Vedet Coleman-Robinson is the Executive Director of the Association of African American Museums. Coleman-Robinson comes to AAAM from the National Park Service (NPS) where she served for eleven years as a Grants Management Specialist within the State, Tribal, Local, Plans & Grants Division (STLPG). During her time at the NPS, Vedet was the Program Lead for the Historically Black Colleges and Universities Grant (HBCU) and the Underrepresented Community Grant programs for STLPG. She has devoted herself to helping bring voice to communities that lacked representation in the fabric, space and time of American history, and was the subject-matter expert in the STLPG Division on the policies and procedures of museums who were awarded grants. She also served in leadership roles within the National Park Service’s Employee Resource Groups to help foster and promote relationships and visibility of employees and sites that are underrepresented within the National Park Service and was often called upon for historic research studies that pertained to African American history and culture.
Brent Leggs leads the African American Cultural Heritage Action Fund, a $25 million fundraising and preservation initiative to help preserve 150 sites of Black activism, achievement, and community. Envisioned as a social movement for justice, equity, and reconciliation, the Action Fund is promoting the role of cultural preservation in telling the nation’s full history, while also empowering activists, entrepreneurs, artists, and civic leaders to advocate on behalf of African American historic places.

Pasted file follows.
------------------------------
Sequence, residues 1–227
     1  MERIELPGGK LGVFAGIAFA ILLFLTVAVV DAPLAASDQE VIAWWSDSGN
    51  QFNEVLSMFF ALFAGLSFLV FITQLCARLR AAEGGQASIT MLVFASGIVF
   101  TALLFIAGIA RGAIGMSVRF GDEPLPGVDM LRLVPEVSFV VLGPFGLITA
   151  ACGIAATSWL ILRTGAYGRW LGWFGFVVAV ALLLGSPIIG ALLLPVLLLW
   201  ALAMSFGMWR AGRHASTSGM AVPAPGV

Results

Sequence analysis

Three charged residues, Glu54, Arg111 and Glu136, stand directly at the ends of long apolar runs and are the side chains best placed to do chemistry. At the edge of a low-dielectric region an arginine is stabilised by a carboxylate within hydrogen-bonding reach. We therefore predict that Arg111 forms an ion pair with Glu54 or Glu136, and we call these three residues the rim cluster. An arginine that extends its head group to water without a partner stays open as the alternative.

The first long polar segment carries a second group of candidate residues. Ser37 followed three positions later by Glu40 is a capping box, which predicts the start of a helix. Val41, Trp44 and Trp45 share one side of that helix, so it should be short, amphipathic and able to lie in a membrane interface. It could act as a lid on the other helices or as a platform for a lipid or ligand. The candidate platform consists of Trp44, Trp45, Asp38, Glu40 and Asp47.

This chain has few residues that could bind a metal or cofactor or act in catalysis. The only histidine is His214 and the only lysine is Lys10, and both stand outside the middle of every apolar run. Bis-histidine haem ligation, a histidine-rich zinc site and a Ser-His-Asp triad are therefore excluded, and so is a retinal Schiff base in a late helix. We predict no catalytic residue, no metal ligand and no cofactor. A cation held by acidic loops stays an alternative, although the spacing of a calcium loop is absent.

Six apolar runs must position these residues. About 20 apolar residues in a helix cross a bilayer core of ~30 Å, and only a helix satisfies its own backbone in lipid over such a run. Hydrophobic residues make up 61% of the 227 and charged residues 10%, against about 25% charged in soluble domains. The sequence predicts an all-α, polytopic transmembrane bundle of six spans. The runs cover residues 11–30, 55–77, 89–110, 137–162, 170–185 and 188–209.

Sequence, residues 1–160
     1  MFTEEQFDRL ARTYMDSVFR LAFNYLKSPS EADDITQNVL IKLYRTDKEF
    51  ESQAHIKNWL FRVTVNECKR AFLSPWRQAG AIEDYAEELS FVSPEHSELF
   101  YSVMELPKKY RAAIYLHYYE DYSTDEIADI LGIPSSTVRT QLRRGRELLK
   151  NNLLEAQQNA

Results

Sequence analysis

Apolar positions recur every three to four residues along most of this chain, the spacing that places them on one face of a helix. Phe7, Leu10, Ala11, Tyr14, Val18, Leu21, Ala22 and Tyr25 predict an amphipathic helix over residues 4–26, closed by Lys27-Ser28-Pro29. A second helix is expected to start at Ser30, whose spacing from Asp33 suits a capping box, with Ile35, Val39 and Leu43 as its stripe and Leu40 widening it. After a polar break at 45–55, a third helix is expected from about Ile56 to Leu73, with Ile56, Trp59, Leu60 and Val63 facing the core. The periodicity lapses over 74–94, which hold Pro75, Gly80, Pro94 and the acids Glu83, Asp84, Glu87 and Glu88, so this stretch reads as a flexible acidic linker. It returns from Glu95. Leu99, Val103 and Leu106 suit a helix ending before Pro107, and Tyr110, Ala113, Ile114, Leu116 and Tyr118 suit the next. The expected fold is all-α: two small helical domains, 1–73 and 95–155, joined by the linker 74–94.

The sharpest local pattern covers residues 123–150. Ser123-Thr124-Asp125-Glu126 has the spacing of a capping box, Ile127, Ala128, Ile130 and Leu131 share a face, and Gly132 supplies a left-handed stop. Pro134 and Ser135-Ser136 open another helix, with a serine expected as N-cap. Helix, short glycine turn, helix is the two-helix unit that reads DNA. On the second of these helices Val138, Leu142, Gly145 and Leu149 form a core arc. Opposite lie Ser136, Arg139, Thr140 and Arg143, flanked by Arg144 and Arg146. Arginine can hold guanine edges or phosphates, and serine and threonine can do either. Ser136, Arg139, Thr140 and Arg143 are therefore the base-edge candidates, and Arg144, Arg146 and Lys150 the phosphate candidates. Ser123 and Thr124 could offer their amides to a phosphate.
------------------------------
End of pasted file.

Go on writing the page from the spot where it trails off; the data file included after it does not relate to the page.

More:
During his 15-year career, he has led national campaigns to honor the American Civil Rights Movement, women’s history, arts and culture, and more. His expertise is strategic and master planning, social and ethnic issues, fundraising, partnership development, and branding. Brent has taught at Harvard University, Boston Architectural College and the University of Maryland. He is a Senior Advisor and Adjunct Associate Professor at the University of Pennsylvania’s Center for the Preservation of Civil Rights Sites (CPCRS) and is an Adjunct Professor at Columbia University’s graduate program in Historic Preservation.